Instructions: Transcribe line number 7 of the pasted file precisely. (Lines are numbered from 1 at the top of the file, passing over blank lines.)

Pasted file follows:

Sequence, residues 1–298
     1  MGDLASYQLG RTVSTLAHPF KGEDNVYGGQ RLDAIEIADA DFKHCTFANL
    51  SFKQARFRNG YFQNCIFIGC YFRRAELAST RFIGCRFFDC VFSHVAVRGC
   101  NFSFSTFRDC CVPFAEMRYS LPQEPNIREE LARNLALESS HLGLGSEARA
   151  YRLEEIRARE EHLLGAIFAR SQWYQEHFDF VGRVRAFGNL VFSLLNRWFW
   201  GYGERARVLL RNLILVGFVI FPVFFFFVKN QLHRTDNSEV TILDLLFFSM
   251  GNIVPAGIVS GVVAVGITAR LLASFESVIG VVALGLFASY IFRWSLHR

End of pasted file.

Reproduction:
   251  GNIVPAGIVS GVVAVGITAR LLASFESVIG VVALGLFASY IFRWSLHR